The Estonian state is engaging in last minute negotiations to mitigate any negative effects of imposing European Union climate package goals on its forestry and agricultural sectors which could cost up to 14,000 jobs, ERR reports.
In the most extreme examples provided, grass-fed beef cattle raised on land protected under the EU policies would not end up on the dinner table – since the sale of the meat would be forbidden.
The issue could be seen as somewhat of a clash between the sparsely forested and densely populated core of western Europe, and many member states in the Central and Eastern Europe region, where the situation is more or less the reverse.
There were 11 days left in which to find a solution, i.e. by June 28, at the time of speaking rural affairs minister Urmas Kruuse (Reform) said Friday, adding that the Land Use, Land-Use Change and Forestry (LULUCF) policies, which among other things reduce forest felling volumes, disproportionately affect Estonia.
Kruuse said that Estonia was not alone in opposing the LULUCF, though the majority of member states will be in favor.
Kruuse said: "The number of countries that could support this goal is definitely higher than the number of those that do not."
At the same time, since the measures originate from the European Commission, in the normal run of things the matter would not be voted upon, meaning any ad hoc vote would in effect take the form of a protest at that level at Council of the EU-level.
The matter also concerns two of Estonia's ministries – rural affairs, headed up by Kruuse, and environment, whose ministerial post is currently vacant following Prime Minister Kaja Kallas' dismissal of all seven Center Party ministers a little over two months ago – Kruuse is doubling up in the meantime.
Kruuse called the (EU) measures damaging in the short-term.
"This short-term goal can only be achieved by reducing felling volumes, peat production and agriculture," said Kruuse.
"Excess grasslands should be afforested. There has also been talk of ending the cultivation of peat soils and transferring these to permanent grassland use."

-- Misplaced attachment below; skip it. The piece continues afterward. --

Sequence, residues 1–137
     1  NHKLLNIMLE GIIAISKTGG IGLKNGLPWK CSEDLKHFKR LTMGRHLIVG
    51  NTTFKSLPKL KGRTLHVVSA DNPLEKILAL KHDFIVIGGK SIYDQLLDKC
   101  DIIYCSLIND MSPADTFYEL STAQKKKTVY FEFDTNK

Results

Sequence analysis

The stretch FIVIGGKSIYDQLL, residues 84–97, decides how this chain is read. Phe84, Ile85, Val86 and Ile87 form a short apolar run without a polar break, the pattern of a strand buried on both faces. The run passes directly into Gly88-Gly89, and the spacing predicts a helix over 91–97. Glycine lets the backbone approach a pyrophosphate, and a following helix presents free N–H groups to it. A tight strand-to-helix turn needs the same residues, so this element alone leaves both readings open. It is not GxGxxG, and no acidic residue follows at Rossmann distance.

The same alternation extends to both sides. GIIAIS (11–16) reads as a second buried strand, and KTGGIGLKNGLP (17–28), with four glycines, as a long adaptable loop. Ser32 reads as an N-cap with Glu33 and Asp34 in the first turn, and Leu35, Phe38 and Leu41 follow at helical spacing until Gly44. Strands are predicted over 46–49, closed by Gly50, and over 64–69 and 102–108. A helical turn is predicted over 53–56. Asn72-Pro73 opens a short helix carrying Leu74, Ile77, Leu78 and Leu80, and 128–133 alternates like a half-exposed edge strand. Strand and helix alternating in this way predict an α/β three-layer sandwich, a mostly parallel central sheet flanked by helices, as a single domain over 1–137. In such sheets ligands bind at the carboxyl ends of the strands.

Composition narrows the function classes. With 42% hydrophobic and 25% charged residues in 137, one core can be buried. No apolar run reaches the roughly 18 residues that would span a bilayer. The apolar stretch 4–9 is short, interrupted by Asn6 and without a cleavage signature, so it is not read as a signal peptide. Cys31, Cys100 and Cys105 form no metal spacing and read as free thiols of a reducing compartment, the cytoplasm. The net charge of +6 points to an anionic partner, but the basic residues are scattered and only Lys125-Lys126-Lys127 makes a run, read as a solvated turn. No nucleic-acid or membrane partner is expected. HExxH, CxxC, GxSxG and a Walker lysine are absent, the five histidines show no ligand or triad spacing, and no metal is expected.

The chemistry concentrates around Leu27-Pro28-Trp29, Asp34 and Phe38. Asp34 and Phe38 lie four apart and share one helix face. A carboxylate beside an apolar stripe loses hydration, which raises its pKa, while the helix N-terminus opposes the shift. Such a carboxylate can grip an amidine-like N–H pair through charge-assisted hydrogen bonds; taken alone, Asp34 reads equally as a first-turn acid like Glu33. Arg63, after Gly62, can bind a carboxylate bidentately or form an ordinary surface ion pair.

Other concerns in addition to LULUCF include European Commission proposed rules against deforestation. "Estonia has also used deforestation to restore historical landscapes through the reproduction of semi-natural communities. This is extremely important in terms of species diversity," Kruuse said.
Kruuse added that the European Commission believes that products which support deforestation should not be sold, something which, again, he opposes.
"In our view, such things could be permitted. Otherwise, it could mean that organic cattle which have been raised on such a [deforested] area, or the timber that had been grown there, should not come on the market at all," the minister went on, adding that Estonia is negotiating on that topic also.
"Negotiations are continuing here too, though may be fruitless. "We have pushed this point of view, both of the Minister of the Environment (formerly Erki Savisaar and before that, Tõnis Mölder – ed.) and the Minister of Rural Affairs, but we are not completely sure that we will be taken into account there either," Kruuse went on.
In general, voting does not take place at Council of Europe, though should the conditions do not become more amenable to Estonia, then representatives might be prepared to do so, but this would be a quixotic gesture.
However, Undersecretary at the Ministry of the Environment Marku Lamp said: "Voting in opposition is certainly something more for show, and in that sense undoubtedly the last thing we want to do.
"We're definitely working to make sure we don't vote against this file," Lamp went on, making diplomacy the key.